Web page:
Doping bans leave weightlifting with a heavy burden to bear

El Salvador's Julio Cesar Salamanca Pineda makes a successful lift during qualifying in the men's 62-kilogram competition.
(Wally Skalij / Los Angeles Times)

Colombia’s Oscar Figueroa lifted 701 total pounds Monday night, which was good enough to win the gold medal in weightlifting at 136 pounds.

But even Figueroa may not be strong enough to lift his sport out of the muck of a doping controversy that has tarnished these Olympics and clouded weightlifting’s future, at least in the short-term.

Many of the sport’s best teams and athletes didn’t come to Rio after they were suspended for cheating. The Russian and Bulgarian teams were banned completely; Kazakhstan and Belarus are appealing similar one-year bans.


Athletes from nearly 10 other countries — among them double gold-medalist Ilya Ilyin of Kazakhstan, one of the sports biggest names — were told to stay home and then hours before Friday’s opening ceremony yet another lifter, Antonis Martasidis of Cyprus, failed a drug test and was expelled as well.

All of which means one of two things: either the sport is so riddled with cheaters it’s impossible to know who’s clean and who isn’t. Or the International Weightlifting Federation’s new anti-doping policies are working.

Phil Andrews, the British-born chief executive of USA Weightlifting, prefers the second explanation because accepting the first would be conceding that weightlifting, once a premier Olympic sport, is now the Games’ dirtiest.

“This has been a very tough few weeks for our sport. It’s been a wakeup call,” he said. “It’s a clear policy of ‘OK this is bad. Now what do we do?’

“We’ve taken some firm action. We need to take more action.”

This is not the first time weightlifting has found itself at the center of a doping controversy. The use of performance-enhancing substances was so prevalent in the 1990s, the IWF restructured its weight classes in 1993 and again in 1998 to erase questionable world and Olympic records.

In some ways, the scope of the current scandal suggests things really haven’t changed over the last two decades.

According to the IWF website 70 athletes were sanctioned for doping last year alone, including 24 of the nearly 200 athletes who were tested at last year’s world championships in Houston. Retests of urine samples from the last two Olympics produced 20 more positive results.

But all those taken together don’t match the 117 failed tests from Russian lifters that were hidden by a Moscow laboratory over a four-year period, according to the independent McLaren report issued last month.

What has changed over the last two decades, however, is the public’s perception of weightlifting, with many now believing the sport may be beyond reform. When the Bulgarian team was sent home from the 2000 Olympics following a positive drug test, for example, that was considered a national embarrassment. But when Bulgaria was banned from this summer’s Games, sports commentators there turned it into a joke, saying the country’s doping team had been caught weightlifting.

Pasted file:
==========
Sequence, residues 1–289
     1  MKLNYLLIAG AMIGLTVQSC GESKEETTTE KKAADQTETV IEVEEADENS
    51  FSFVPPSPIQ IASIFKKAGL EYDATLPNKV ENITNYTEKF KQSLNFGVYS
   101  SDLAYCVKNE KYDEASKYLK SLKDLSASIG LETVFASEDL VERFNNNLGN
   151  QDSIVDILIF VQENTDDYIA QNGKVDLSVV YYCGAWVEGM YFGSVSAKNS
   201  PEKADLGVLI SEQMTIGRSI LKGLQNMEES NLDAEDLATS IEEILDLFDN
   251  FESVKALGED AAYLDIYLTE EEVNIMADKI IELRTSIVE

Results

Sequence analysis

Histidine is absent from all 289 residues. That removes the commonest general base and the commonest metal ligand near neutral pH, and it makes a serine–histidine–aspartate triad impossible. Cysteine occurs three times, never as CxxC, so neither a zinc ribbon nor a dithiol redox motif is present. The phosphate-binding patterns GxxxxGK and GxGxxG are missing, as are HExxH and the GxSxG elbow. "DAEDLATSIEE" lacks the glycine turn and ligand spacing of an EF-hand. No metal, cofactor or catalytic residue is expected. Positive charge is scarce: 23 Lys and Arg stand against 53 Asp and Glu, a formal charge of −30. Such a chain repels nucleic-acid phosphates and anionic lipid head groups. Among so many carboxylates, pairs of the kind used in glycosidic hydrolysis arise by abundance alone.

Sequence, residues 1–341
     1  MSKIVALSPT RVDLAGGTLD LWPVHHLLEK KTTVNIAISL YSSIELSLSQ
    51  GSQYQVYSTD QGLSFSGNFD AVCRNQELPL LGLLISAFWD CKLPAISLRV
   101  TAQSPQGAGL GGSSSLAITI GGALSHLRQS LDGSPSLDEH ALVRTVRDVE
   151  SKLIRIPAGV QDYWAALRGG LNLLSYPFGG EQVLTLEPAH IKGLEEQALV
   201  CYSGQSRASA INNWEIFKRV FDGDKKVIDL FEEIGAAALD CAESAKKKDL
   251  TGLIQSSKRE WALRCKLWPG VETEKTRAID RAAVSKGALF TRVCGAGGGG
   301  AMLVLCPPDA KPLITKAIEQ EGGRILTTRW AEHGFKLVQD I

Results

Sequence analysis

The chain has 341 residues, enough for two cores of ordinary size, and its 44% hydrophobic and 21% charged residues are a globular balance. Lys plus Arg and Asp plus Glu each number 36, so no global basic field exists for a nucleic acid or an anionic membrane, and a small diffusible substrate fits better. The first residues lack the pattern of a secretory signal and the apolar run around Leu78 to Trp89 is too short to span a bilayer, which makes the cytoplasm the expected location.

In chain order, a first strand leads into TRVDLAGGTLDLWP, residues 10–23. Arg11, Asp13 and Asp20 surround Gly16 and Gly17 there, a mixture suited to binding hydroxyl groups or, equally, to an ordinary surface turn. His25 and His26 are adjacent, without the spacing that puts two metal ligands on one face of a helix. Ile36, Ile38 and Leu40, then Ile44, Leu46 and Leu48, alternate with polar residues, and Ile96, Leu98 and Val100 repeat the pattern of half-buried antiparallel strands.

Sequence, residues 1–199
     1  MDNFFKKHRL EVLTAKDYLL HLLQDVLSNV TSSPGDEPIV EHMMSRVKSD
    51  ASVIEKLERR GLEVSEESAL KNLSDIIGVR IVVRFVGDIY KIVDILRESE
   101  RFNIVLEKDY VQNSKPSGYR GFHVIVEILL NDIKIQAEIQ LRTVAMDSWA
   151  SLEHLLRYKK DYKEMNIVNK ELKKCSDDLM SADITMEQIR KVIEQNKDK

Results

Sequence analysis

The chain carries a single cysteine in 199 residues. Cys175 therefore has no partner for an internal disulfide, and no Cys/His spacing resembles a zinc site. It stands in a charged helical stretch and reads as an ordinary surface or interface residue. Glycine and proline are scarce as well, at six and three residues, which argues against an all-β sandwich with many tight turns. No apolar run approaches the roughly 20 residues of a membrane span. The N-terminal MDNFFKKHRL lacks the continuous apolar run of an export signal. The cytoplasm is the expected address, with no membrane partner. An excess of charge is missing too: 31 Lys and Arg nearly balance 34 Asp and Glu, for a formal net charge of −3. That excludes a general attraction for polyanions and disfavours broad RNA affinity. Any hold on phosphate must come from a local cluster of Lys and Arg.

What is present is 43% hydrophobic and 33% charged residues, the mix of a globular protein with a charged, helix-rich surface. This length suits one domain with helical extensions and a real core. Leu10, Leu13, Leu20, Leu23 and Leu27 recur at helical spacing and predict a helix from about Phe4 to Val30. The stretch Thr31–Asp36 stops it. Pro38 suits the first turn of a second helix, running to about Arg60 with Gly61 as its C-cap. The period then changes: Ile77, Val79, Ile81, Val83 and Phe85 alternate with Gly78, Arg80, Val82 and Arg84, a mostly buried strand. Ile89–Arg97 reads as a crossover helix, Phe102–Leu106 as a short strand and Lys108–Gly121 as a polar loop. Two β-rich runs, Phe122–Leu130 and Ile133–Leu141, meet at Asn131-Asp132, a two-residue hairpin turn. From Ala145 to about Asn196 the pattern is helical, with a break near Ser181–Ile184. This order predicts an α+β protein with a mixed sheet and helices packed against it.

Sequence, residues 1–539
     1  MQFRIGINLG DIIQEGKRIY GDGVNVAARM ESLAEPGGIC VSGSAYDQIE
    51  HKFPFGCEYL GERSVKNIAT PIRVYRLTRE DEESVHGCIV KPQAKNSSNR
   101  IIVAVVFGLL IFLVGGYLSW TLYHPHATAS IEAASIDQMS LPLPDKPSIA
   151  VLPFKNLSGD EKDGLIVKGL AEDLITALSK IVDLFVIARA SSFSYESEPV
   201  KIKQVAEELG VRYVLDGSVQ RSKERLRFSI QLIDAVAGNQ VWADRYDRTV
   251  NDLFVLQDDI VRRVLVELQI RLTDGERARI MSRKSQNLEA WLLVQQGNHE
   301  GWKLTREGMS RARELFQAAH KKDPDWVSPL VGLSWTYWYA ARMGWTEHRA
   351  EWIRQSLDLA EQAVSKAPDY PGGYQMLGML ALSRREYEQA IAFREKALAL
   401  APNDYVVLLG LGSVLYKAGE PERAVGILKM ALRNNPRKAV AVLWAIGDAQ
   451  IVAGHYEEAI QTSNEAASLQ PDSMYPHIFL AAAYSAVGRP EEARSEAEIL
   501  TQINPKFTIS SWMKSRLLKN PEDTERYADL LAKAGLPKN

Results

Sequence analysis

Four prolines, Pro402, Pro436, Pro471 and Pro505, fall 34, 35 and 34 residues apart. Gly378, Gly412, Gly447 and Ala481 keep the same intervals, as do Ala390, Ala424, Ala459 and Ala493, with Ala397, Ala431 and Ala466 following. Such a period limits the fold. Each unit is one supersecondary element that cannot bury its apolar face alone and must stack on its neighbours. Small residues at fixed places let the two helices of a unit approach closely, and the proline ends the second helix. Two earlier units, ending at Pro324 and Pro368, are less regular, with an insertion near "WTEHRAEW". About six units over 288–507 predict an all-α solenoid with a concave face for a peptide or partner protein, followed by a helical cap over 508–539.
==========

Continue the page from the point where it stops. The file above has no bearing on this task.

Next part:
“The Olympics has the [motto] ‘faster, higher, stronger,’ ” said Andrews, one of the sports most passionate advocates for reform. “We’re the stronger. As a result anabolic agents will make a huge difference in the sport of weightlifting.

“Unfortunately there’s countries who have made it clear that they will do, effectively, anything to win.”

And though Andrews insists the U.S. isn’t part of that group — “we can’t cheat because we have morals and values,” he said — Sarah Robles, one of four U.S. weightlifters in Rio, was given a two-year ban by the IWF in 2013 after testing positive for three banned substances.

That means for the time being athletes such as Mattie Rogers, who was an alternate on the U.S. team in Rio, will have to accept the possibility that some of the lifters they’re competing against are cheating.

“I know I’ve gotten the drug accusations,” conceded Rogers, a fresh-faced 20-year-old from Florida who holds three national records and said she’s never used a banned substance.

“I don’t know if it can ever be fixed completely. For a while, until they can clean it up, if it’s possible to clean it all up, that’s just going to be how it is.”

Andrews not only believes it’s possible, he believes it’s already happening, pointing to the Olympic bans as proof.

The IWF has enacted anti-doping policies that are among the strongest of any Olympic sport, he said, ones that call for more testing of more athletes, both in and out of competition, as well as stronger sanctions for those who test positive.

And there is no statute of limitations on penalties for a failed test since the IWF is now preserving urine samples for retesting as the technology to detect banned substances improves.

“If you do it, you’re going to get found out,” he said. “You may not get found out today but you’re going to get found out when testing improve[s].

“This is being taken very seriously. Enough is enough.”

Twitter: @kbaxter11